While the horrifying ordeal of the 26 girls found locked in a house in Karachi is over and they have been sent back to their homes in Bajaur, there are so many questions still left to be answered. Should we thank the governors of the two provinces for arranging their transportation back to Bajaur or condemn them for their failure to curb such incidents? This is a trend now, to send young girls and boys to madrassas in cities. However, after the 18th Amendment, provinces are responsible for providing education, not outsourcing it to madrassas. There needs to be a monitoring of these schools. Often children are just given to madrassas, as they offer shelter and food. But then, these seminaries are also where children are taught to hate other sects and minorities, given guns and a vendetta, or trafficked. One father from Bajaur thought his daughter was finishing a course at a madrassa in Karachi, rather than being locked in a house in Karachi.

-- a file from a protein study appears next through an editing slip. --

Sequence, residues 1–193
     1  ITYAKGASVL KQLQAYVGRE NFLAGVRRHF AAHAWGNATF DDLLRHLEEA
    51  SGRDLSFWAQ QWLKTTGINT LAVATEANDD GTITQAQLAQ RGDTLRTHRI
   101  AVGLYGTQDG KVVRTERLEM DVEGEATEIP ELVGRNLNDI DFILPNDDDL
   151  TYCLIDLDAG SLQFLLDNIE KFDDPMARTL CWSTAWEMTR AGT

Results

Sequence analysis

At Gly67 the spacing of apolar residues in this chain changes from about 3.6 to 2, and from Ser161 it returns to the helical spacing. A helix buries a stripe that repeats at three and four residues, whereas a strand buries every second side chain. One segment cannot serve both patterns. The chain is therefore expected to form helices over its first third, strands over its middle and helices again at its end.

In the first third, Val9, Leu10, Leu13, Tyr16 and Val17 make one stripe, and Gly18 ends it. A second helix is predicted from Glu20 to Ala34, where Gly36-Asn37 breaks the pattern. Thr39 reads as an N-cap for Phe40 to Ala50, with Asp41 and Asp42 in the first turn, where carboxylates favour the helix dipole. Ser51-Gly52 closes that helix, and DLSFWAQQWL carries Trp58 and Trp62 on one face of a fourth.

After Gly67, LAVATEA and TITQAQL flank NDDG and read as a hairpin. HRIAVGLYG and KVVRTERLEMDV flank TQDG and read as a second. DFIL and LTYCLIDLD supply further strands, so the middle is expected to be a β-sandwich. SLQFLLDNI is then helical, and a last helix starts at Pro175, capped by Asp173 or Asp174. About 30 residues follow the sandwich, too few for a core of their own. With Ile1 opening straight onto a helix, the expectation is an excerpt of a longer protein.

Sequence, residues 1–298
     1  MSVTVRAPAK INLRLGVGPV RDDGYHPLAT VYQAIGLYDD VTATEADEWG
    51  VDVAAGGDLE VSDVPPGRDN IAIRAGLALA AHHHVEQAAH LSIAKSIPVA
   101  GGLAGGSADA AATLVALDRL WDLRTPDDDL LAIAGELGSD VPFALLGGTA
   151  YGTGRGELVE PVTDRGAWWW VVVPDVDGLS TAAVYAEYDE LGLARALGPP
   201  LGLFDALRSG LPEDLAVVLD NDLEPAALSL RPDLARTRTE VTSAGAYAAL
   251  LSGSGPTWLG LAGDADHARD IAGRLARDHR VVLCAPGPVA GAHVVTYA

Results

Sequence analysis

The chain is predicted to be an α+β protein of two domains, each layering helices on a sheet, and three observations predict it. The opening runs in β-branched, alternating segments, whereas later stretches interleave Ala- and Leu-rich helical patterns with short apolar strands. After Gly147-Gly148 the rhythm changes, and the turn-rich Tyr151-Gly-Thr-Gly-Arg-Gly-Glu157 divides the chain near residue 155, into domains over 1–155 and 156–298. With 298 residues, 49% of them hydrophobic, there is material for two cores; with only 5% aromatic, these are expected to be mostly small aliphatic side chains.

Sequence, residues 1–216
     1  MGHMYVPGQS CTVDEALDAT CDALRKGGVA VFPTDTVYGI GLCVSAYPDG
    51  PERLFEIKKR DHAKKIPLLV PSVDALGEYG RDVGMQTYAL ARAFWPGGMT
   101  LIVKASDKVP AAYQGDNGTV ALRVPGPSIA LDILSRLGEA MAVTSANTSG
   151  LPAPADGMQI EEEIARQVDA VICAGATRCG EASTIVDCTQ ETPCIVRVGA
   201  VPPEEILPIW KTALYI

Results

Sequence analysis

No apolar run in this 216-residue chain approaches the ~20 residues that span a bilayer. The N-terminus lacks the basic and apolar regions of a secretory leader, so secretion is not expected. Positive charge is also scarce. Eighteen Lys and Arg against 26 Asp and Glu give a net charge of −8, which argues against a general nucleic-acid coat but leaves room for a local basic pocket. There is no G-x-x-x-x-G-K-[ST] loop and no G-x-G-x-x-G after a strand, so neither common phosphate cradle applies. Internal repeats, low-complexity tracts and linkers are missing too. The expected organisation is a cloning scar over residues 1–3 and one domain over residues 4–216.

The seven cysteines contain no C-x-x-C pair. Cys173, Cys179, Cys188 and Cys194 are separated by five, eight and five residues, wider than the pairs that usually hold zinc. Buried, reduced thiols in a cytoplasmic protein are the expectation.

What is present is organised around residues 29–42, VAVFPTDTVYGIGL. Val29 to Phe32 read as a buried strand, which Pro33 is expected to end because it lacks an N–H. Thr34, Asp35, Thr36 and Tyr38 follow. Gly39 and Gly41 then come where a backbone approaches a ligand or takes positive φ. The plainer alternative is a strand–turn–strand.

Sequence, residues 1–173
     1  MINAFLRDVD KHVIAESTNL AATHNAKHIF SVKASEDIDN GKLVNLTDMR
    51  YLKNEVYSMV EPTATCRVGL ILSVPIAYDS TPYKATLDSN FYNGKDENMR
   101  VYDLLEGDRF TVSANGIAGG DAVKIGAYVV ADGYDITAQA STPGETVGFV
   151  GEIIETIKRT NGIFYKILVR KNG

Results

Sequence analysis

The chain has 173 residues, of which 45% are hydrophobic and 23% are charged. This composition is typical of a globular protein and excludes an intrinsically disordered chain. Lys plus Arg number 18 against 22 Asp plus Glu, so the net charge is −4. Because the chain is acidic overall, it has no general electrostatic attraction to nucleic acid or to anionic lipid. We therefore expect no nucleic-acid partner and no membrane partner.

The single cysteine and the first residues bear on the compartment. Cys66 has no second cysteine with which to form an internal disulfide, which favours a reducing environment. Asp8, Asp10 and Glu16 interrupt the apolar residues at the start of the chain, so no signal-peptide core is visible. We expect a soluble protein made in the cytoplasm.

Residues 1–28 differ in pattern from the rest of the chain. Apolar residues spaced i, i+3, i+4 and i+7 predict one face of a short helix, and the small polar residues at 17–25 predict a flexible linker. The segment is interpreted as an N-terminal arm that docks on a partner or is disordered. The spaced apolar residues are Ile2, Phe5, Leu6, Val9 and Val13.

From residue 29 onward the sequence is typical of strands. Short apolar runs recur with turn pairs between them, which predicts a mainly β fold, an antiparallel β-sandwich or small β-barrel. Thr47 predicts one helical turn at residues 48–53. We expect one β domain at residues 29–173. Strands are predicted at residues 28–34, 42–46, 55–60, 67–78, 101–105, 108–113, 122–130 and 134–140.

While it is a relief that the girls were found and returned, what sort of a welcome will they get from their families, many of whom seem to have voluntarily sent their daughters? Does it mater to them what condition they were living in? The seminary handed the girls to the owners of the house they were found in, as the owners were unable to pay off a loan it had taken from the madrassa. As repayment of the loan, the seminary had asked the family to take charge of the young girls. To what extent was this a case of trafficking, we will never know. Does it not bother the parents that their girls were treated as currency? In the last many years, scores of schools had been destroyed and female teachers attacked by militants. With radicalization over the years, madrassas are seen as a safe option while formal education is a “western agenda”. These people would rather send their girls to a “safe” all-female madrassa for religious education in Karachi, than have “western” education in a school near home where there might be male teachers.